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Challenging Time for Young People

The word ‘NEET’ has dominated the newspaper headlines of the past year. As the economy wavers and the job market toughens, a generation of young people have been confronted with a growing gap between education and work, which has prevented many from taking those first steps into the world of work. As the number of NEETs approaches one million, a recent report from the Work Foundation – ‘Lost in Transition’ – has revealed the true extent of the problem. Not only do young people face limited job opportunities, but they have also been poorly equipped to grasp them when they arise.

As the market shifts towards service orientated industries, the ability to demonstrate teamwork, communication and creativity, has become a crucial signpost for employers looking to build an effective workforce. A lack of exposure to working life, combined with limited opportunities to develop these skills, has left young people without the tools to grasp the first rung of the ladder. Recent school leavers and graduates have become trapped in a closed loop – they need to gain a job to get the skills, but also need to gain the skills to get the job.
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What can be done

As the report author, Paul Sissons, concludes, the job prospects of future generations will depend on nurturing these skills at an earlier stage, with ‘consistent support and effective co-ordination of services across local government, schools, employers and the third sector.’ A collaborative effort is required to build those crucial bridges which connect the different stages of a young person’s life. As a third sector organisation, working in partnership with schools and businesses, Enabling Enterprise has started to lay the foundations.

As teachers, we believe education has a crucial role in preparing students for working life, but we also recognise the pressure faced by schools to focus on the here-and-now of examined qualifications, rather than look to the world beyond the classroom. The pressure to meet targets and tick boxes means broader opportunities for personal growth can be pushed to the side lines.

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Enabling Enterprise’s Contribution

Our solution is simple – rather than creating an artificial divide between ‘working skills’ and ‘academic skills’ – we seek to embed leadership, teamwork, communication and creativity into the curriculum at both primary and secondary school. We use enterprise to stretch learning towards new horizons which build on the connections between school and the real world. By working together on extended projects, our students experience an active form of education, which cannot be recreated in a textbook. Gaining ownership over your work, applying knowledge in practical scenarios, and being free to collaborate, create, and voice your ideas, can provide a space for personal development which is both academic and skills based.

An example can illustrate the impact of this ‘hands on’ approach to education much more effectively. Over the past year, we have been working with Year 5 students at Brackenbury Primary School in London, who have been working in teams to research, design and produce an ecological toy. For the students, enterprise brought new life to environmental issues, as one pupil said, ‘it’s amazing how fun it can make school.’ As well as providing an enjoyable and unusual experience, enterprise can have a significant impact on pupils as thinkers and workers.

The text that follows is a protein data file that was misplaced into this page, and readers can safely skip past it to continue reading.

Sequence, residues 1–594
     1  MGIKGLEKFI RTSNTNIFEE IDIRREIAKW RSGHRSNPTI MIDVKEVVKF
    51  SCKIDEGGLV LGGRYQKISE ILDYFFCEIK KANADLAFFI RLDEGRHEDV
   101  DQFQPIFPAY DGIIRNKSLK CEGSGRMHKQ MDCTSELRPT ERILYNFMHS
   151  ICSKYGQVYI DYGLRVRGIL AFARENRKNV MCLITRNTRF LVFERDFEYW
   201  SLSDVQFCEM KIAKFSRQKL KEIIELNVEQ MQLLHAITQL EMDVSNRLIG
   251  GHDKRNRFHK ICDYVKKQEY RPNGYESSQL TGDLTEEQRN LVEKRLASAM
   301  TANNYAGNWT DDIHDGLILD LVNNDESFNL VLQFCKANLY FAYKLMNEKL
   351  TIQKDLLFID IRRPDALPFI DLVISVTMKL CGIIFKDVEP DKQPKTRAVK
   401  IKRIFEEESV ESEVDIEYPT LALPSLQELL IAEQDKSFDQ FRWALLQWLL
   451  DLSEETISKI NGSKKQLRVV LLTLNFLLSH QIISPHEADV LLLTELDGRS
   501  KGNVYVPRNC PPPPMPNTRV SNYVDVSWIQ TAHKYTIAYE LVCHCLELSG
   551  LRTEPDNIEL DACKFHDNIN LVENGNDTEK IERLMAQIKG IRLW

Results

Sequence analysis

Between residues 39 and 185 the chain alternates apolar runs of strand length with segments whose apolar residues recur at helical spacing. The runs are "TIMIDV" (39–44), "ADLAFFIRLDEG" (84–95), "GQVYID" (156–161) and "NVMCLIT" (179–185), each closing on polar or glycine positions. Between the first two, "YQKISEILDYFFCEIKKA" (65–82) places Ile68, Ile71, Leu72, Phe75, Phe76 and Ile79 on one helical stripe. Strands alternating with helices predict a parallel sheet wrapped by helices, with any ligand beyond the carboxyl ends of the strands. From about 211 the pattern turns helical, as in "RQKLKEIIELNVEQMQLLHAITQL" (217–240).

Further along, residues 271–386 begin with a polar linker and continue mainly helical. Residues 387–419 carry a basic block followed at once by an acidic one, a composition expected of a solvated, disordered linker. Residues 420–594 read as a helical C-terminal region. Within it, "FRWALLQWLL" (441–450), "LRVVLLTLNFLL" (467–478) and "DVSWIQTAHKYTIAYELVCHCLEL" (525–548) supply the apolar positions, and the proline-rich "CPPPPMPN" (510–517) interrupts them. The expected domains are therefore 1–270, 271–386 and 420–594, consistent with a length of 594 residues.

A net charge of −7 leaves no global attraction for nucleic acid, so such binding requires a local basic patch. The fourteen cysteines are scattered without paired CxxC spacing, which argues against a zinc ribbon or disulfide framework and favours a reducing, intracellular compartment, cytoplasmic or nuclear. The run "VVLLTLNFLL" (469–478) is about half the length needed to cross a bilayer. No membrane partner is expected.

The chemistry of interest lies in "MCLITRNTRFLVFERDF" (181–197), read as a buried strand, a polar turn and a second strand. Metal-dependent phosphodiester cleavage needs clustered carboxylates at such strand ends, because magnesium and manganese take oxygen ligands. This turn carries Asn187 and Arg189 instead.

Many people assume ‘kids will be kids’ and do not expect 10 year olds to organise themselves, let alone negotiate fairly with others, develop realistic goals, or reflect critically on their work. Nonetheless, the right environment can change everything, as the teacher observed. The programme had a significant impact on the students, who in a matter of months, could confidently contribute and share original ideas, delegate responsibilities, confront and overcome practical challenges, and deliver an engaging presentation before an audience.
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Tangible Results

Enterprise can bridge the skills developed in school with the skills required for employment, but the bridge becomes more secure when businesses open their doors to young learners. When the students from Brackenbury wrote letters to Hamleys persuading them to invest in their toys, they were invited to a VIP tour of the London store and to present their own ideas. As they wandered through the dazzling array of toys, the students saw much more than a potential birthday present. Each toy was evidence of how an experience in the classroom could translate into aspirations for future life.

The current absence of skills based learning has left many young people in a limbo of uncertainty. The Work Foundation has highlighted the obstacles facing ‘NEETS’ and effective solutions must be developed to empower young people and dismantle the current job market blockade. Nevertheless, as the forecasts for economic growth remain bleak, we must also develop a longer term vision to prevent the next generations from falling into the same trap.

At Enabling Enterprise, we believe enterprising learning can give all students the skills, experiences and aspirations for success. Through providing opportunities in the present, we are laying the foundations for the future. With coordinated effort, we can finally create a secure bridge between education and employment, so no more young people are lost in the transition.

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